Jan 30 2012

Asking unnecessary questions

I’ve been working on a new play this month (details under wraps for the moment), and I’ve found it very helpful to build full profiles for each character before I begin any dialogue. The profile consists of a set of questions about the character’s background, physical characteristics, likes and dislikes, past experiences, that sort of thing.

Often the questions you ask are quite unrelated to the story in which you’re using the character. But by asking those questions and coming up with answers you find out things you didn’t know about the character – or maybe didn’t know that you knew – which in turn gives you much greater confidence when deploying the character in your story.

The first questions you ask about any character tend to concern the function that person fills in your story. So if your character is going to rob a bank and take some other characters hostage you might ask ‘why does this person have no respect for the law?’, ‘is he prepared to kill to achieve his goal?’, ‘is there some childhood experience that helps explain his current actions?’ The search for motive initiates a simple definition of character.

But it’s when you start asking the unrelated questions that the character really comes to life. Which newspaper does s/he read, if any? Where did s/he grow up? How does s/he vote? What music does s/he like? Even if you answer these questions at random you have somewhere to start from, thanks to the implications which spring up almost unbidden.

So your bank robber loves 80s heavy metal bands. Does this mean he equally hates 80s pop? Which childhood friend or influential adult introduced him to his favourite bands? Has his taste since evolved to more contemporary rock bands or is he stuck in the past?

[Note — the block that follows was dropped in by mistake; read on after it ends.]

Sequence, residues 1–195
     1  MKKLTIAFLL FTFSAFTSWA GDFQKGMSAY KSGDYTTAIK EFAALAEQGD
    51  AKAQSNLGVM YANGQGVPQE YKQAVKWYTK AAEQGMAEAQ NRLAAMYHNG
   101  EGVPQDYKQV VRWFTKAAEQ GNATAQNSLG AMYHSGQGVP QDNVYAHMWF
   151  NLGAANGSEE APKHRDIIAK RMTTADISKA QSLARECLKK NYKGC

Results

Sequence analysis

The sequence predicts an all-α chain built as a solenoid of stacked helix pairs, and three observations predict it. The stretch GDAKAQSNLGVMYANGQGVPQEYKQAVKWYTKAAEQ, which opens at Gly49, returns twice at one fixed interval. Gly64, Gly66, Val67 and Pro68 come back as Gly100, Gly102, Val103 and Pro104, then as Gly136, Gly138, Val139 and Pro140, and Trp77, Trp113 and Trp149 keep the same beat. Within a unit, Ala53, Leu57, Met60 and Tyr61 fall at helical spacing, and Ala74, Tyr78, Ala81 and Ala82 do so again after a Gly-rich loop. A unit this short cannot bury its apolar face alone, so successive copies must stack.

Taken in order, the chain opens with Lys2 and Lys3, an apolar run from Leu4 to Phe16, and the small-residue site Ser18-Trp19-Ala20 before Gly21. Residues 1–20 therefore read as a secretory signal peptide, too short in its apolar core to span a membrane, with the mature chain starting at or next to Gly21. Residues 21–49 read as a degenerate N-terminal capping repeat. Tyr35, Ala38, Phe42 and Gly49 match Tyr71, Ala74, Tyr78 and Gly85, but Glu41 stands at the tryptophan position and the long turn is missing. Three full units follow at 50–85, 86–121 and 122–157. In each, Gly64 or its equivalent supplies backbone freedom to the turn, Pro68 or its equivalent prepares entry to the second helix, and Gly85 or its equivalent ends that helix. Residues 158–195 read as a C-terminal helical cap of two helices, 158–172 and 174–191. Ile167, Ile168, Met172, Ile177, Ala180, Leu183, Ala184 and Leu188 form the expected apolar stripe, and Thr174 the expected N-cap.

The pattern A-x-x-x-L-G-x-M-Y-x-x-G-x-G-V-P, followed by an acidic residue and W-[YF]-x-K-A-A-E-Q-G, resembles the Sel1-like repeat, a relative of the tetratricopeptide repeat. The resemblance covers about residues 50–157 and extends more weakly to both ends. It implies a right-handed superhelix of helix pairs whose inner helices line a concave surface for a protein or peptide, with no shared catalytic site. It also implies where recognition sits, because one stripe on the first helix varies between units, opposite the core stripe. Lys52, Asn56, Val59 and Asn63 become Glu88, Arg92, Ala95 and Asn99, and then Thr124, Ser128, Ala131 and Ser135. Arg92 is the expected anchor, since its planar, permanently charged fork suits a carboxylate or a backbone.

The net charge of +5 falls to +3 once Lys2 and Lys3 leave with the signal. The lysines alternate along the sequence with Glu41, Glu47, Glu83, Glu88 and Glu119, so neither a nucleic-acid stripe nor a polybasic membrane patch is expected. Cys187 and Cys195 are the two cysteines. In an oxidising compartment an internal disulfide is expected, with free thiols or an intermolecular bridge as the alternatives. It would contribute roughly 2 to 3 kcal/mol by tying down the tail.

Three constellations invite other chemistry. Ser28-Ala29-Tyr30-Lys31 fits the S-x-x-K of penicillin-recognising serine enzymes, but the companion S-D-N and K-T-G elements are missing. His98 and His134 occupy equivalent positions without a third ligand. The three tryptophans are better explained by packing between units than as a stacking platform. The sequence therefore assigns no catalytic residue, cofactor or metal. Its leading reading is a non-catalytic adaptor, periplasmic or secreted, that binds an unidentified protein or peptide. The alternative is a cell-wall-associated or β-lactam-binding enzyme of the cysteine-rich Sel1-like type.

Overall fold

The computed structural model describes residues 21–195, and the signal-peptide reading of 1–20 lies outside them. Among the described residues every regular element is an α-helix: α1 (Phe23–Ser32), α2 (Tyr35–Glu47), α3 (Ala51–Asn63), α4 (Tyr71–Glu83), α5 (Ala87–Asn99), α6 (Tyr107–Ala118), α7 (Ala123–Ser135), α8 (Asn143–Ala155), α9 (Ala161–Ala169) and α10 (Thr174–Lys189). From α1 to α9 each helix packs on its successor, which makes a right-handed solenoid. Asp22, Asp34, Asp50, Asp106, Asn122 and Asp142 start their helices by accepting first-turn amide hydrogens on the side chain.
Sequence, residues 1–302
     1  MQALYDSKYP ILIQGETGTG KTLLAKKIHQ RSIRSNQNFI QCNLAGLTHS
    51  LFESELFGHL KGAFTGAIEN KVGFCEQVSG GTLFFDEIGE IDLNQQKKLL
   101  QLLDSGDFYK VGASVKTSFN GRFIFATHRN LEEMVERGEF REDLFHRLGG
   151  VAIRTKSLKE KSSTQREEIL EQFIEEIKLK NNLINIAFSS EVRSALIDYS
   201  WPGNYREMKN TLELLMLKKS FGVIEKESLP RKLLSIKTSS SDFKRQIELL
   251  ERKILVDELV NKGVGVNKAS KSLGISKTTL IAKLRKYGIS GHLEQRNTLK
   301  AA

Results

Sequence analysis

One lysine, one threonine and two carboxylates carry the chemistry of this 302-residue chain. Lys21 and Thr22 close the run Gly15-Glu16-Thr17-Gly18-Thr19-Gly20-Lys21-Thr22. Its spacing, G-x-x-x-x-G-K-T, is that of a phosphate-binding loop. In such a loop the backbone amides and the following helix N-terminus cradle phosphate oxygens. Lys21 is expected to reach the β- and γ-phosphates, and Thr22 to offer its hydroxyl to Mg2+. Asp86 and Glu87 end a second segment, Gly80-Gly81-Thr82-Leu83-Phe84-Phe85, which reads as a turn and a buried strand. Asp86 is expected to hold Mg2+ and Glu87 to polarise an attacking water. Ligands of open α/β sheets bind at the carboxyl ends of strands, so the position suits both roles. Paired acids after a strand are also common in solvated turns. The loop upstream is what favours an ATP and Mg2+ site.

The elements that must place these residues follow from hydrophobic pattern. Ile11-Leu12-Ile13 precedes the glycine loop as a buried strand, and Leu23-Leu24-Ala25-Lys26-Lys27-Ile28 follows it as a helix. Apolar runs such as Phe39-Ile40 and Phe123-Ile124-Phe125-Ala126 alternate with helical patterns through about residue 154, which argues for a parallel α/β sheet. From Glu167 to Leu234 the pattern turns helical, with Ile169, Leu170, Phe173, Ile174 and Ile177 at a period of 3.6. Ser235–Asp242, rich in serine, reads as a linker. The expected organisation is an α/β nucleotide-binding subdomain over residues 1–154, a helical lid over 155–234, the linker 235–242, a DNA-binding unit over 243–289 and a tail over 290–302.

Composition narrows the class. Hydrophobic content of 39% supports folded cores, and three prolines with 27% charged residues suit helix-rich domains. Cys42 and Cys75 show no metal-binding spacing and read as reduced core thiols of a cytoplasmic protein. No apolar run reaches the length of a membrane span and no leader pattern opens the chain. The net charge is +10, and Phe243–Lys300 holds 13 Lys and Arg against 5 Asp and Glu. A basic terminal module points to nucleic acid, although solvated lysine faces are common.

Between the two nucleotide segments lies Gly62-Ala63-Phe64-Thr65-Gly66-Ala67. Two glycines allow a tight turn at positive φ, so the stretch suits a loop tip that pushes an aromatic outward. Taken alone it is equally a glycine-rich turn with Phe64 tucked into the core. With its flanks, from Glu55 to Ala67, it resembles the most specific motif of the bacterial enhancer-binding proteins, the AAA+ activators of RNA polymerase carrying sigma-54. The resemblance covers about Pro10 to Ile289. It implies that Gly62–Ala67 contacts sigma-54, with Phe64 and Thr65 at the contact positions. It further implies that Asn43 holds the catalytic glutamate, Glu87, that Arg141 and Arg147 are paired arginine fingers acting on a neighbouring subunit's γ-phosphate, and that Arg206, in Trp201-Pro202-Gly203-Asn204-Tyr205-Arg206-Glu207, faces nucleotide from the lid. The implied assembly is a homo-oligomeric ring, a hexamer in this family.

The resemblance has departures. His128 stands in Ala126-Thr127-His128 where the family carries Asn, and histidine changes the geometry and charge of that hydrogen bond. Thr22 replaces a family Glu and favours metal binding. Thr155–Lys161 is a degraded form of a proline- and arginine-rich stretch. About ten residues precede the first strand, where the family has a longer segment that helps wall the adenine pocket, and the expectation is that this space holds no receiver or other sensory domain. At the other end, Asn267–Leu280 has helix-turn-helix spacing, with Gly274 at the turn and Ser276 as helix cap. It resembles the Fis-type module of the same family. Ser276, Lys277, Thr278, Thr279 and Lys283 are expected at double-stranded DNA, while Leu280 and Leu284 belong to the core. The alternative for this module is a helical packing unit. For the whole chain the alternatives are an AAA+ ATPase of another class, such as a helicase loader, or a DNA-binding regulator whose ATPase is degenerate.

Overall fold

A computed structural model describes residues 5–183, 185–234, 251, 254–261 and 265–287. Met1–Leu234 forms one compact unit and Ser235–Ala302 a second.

Or if he reads the Express, is that out of habit, or because he agrees with the paper’s editorial stance, or because his parents read the Express? Each answer reveals a new facet of his personality, and these nuances deepen your understanding of the character beyond whatever it is you need him to do or think to fill his prescribed role in your plot.

Sometimes the answers eventually find their way into your story, sometimes they don’t, but they all help to give you a concrete sense of that person such that you could now drop him into any situation and you’d know how he would react. That you’ve gained a prior sense of the character’s response to any other question that may arise. And you can begin to test how the character will rub against other characters in the story. Will there be a natural dramatic tension to engage the audience?

This may seem like stating the obvious to some – of course you should have a detailed understanding of your characters before you write their story – but to me it has proved a breakthrough. I’ve previously tended to start writing and work out my characters along the way. The story always came first, and if I didn’t have a story I was stuck.

Now, by forcing myself to step back and work on the profiles first, I feel I’m getting to know my characters before we set out on the journey, beyond the confines of any particular story. And it’s amazing to me how quickly they come to life once you start asking the questions you don’t need to ask.